Ceratotherium simum simum
Status: Near Threatened
Kingdom: Animalia
Phylum: Chordata
Class: Mammalia
Order: Perissodactyla
Family: Rhinocerotidae
Genus: Ceratotherium
Names: chipembele, sukulu, southern white rhinoceros or square-lipped rhinoceros
Description: Rhinos have large bulky bodies with short stumpy legs with White Rhinos being larger than black rhinos. Black rhinos have a hooked upper lip. They both have two horns which are made of keratin, which is the same component as fingernails and hair in humans. There is no difference in colour between black and white rhinos, both having thick grey skin with hair on their ears and tail. They have poor eyesight but a good sense of smell and hearing.

General Information

The southern white rhinoceros is one of largest and heaviest land animals in the world. Zambia is home to two African species – the Black Rhino (Diceros bicornis minor) which live in woodland areas and the Southern White Rhino (Ceratotherium simum simum) which prefer more open grassland habitats. The name rhinoceros comes from the Greek meaning ‘nose horn’ and they are called rhinos for short. A group of rhinos is called a ‘crash’.
Shoulder height: 1.5 – 1.8 metres
Length: 3 – 3.75 metres
Tail Length:
Weight: 900 – 2,500 kgs
Age: up to 50 years old

Fun Facts !

White Rhinos are the second largest land mammals in the world. They are the most sociable of all the rhino species and live in herds or crashes. An adult rhino can munch on up to 680 kilograms of plants a day. White rhinos have surprisingly good hearing and even better sense of smell! They can sniff out waterholes from miles away, a handy skill in the dry savanna. Despite their bulky bodies, they can run surprisingly fast, reaching speeds of up to 48 kilometers per hour in short bursts. Imagine a charging rhino – definitely not something you want to outrun. Their impressive horns aren't made of bone, but rather keratin, the same stuff as our hair and nails.

Ecology and Behaviour

White rhinos are the most sociable of all the species, with six or more individuals associating together. Females with their calves and young adults will group together whilst dominant males are usually solitary and occupy small home ranges. Aggressive fights between males are rare. White rhino graze on a variety of grasses, feeding and resting alternatively during the day and night and only need to drink every two to four days. In the heat of the day they wallow at watering holes, or dust bathe, which keeps them cool and protects their skin from parasites. Having poor eyesight they communicate with a wide variety of sounds, with calf squeaking to adults grunting and wailing. They also communicate by scent-marking, marking their boundaries by spreading their dung in piles called ‘middens’, spraying urine and flattening vegetation with their feet and horns. Females give birth to one young after a gestation period of 16 months. A youngster will stay with its mothers until she has her next calf. They are very agile and can run up to 40 km per hour. A youngster will run in front of its mother when threatened. They live on grasslands and open savanna woodlands, preferring flatter areas with bushes for shade and cover. Black rhinos are more solitary and shy, occupying overlapping home ranges. Depending on the habitat they can be solitary and aggressive or semi-social and less territorial. Females live with their latest calf, whilst males tend to live alone, defending their territories against rivals. They are inquisitive and can be aggressive towards humans and other animals. They browse on leaves, woody plants, twigs and herbs, foraging during the cooler mornings and afternoons. They rest in the shade during the day and wallow at water holes. As they have poor eyesight they mainly communicate through ‘scent-marking’. Males will spray urine and use dung piles, called ‘middens’, to mark his territory and will rub scent glands located in their skin to leave distinctive scents against a rock or tree. They also communicate vocally by grunting, sniffing and snorting. Females give birth to a single calf after a gestation period of 15 months. Youngsters remain with their mother until her next offspring arrives. They can run up to 55 km per hour, changing direction very quickly and will charge through shrubs and bushes. A youngster will run behind its mother when threatened. They live in a variety of habitats from deserts to wooded grasslands, forests and wetlands.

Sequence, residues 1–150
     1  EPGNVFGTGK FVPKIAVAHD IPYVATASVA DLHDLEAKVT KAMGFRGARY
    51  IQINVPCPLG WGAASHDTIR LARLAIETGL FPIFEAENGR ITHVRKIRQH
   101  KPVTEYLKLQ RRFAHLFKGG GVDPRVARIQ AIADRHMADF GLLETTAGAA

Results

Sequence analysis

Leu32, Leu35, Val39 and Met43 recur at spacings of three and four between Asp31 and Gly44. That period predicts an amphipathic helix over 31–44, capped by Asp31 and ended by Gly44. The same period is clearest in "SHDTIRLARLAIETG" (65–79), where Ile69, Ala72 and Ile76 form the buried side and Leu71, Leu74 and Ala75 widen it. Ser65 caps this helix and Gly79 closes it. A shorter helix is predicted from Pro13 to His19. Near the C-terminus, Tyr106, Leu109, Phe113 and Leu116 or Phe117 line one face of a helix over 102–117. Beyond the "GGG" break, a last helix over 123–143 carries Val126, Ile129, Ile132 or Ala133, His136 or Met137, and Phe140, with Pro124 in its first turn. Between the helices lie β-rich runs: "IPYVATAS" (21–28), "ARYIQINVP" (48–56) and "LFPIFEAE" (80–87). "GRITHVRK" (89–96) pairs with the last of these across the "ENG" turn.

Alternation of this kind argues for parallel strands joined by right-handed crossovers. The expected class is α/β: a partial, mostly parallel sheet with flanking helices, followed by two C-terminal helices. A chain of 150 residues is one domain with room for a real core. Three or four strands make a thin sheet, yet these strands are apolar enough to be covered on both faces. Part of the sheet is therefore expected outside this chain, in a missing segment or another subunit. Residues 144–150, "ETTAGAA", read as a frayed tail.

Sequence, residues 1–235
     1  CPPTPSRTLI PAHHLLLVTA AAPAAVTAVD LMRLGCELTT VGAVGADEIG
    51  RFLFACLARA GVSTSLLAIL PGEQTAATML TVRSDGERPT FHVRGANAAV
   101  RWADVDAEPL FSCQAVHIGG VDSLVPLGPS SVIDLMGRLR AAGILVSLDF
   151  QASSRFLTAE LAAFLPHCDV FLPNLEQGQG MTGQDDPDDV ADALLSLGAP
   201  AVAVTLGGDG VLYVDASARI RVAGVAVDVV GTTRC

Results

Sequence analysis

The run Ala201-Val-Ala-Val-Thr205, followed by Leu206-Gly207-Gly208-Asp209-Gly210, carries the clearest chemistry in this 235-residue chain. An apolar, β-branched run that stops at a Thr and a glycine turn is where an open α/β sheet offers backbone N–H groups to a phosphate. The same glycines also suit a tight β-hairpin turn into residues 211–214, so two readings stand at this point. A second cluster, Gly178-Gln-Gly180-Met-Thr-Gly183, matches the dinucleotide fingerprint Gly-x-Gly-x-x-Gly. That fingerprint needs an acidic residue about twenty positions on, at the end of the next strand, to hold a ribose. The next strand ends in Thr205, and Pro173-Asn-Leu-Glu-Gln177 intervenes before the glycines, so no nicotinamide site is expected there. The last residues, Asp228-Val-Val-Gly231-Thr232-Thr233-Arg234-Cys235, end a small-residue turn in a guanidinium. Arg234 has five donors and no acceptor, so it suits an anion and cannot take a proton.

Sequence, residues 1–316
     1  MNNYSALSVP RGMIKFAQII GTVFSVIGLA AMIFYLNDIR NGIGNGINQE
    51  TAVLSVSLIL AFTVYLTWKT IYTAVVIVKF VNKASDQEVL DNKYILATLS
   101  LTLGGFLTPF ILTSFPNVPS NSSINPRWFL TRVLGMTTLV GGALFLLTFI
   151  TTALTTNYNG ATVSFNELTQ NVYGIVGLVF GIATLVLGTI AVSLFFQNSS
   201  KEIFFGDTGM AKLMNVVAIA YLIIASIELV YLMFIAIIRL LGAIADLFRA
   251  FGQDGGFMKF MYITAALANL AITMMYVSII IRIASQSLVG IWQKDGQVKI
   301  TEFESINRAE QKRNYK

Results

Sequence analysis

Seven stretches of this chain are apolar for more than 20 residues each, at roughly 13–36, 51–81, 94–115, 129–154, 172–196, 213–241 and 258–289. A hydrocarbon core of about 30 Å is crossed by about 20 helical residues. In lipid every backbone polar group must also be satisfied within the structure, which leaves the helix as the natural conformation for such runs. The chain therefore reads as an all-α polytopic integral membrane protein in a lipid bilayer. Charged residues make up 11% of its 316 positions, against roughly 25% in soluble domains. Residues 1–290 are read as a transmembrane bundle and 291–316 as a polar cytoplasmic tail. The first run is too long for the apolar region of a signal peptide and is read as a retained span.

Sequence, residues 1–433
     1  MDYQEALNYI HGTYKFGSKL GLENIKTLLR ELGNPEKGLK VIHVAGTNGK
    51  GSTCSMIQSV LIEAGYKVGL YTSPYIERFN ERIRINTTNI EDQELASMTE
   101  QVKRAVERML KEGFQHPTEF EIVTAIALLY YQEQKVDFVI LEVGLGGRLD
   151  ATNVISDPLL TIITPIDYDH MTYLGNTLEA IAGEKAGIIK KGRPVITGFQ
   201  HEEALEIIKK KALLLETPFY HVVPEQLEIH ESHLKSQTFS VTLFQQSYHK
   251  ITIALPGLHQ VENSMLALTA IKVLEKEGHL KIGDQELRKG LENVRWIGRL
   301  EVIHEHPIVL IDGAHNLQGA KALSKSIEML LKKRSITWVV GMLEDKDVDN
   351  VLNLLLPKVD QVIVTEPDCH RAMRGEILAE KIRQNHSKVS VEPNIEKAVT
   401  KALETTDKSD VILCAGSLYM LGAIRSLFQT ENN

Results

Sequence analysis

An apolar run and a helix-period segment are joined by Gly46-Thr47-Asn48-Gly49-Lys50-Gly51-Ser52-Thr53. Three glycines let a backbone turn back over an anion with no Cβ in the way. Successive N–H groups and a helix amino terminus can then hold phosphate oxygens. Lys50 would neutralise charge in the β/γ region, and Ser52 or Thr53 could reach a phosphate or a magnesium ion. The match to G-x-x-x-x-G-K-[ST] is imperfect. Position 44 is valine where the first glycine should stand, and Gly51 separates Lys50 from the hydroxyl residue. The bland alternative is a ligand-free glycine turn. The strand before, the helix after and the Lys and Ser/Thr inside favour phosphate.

Conservation

The southern white rhino is listed as Near Threatened on the IUCN Red list.

Distribution and Habitat

The Mosi-au-Tunya National Park is home to our White rhino and the Black rhino live in North Luangwa National Park. Rhino are a key species – they are one of the oldest species of mammals and their protection also benefits all the flora and fauna that share their habitats. They are also a very popular tourist attraction and so contribute to the economy and to the development of tourism in the areas where they live.

Interaction with humans

Due to human interaction throughout history, two Rhino species have recently gone extinct. Namely the western black rhino and the Northern White Rhino. This could be largely attributed to poaching for their horns for the illegal wildlife trade, their small isolated populations being prone to diseases and genetic impact due to inbreeding.

Featured Listings

No results found.

Related Pages/Posts

Southern African Serval

Southern African Serval

African Buffalo

African Buffalo

Crawshay’s Defassa waterbuck

Crawshay’s Defassa waterbuck

Southern African Lion

Southern African Lion

Cookson’s Wildebeest

Cookson’s Wildebeest

Mole Rats

Rodents

Rodents

Springhare

Springhare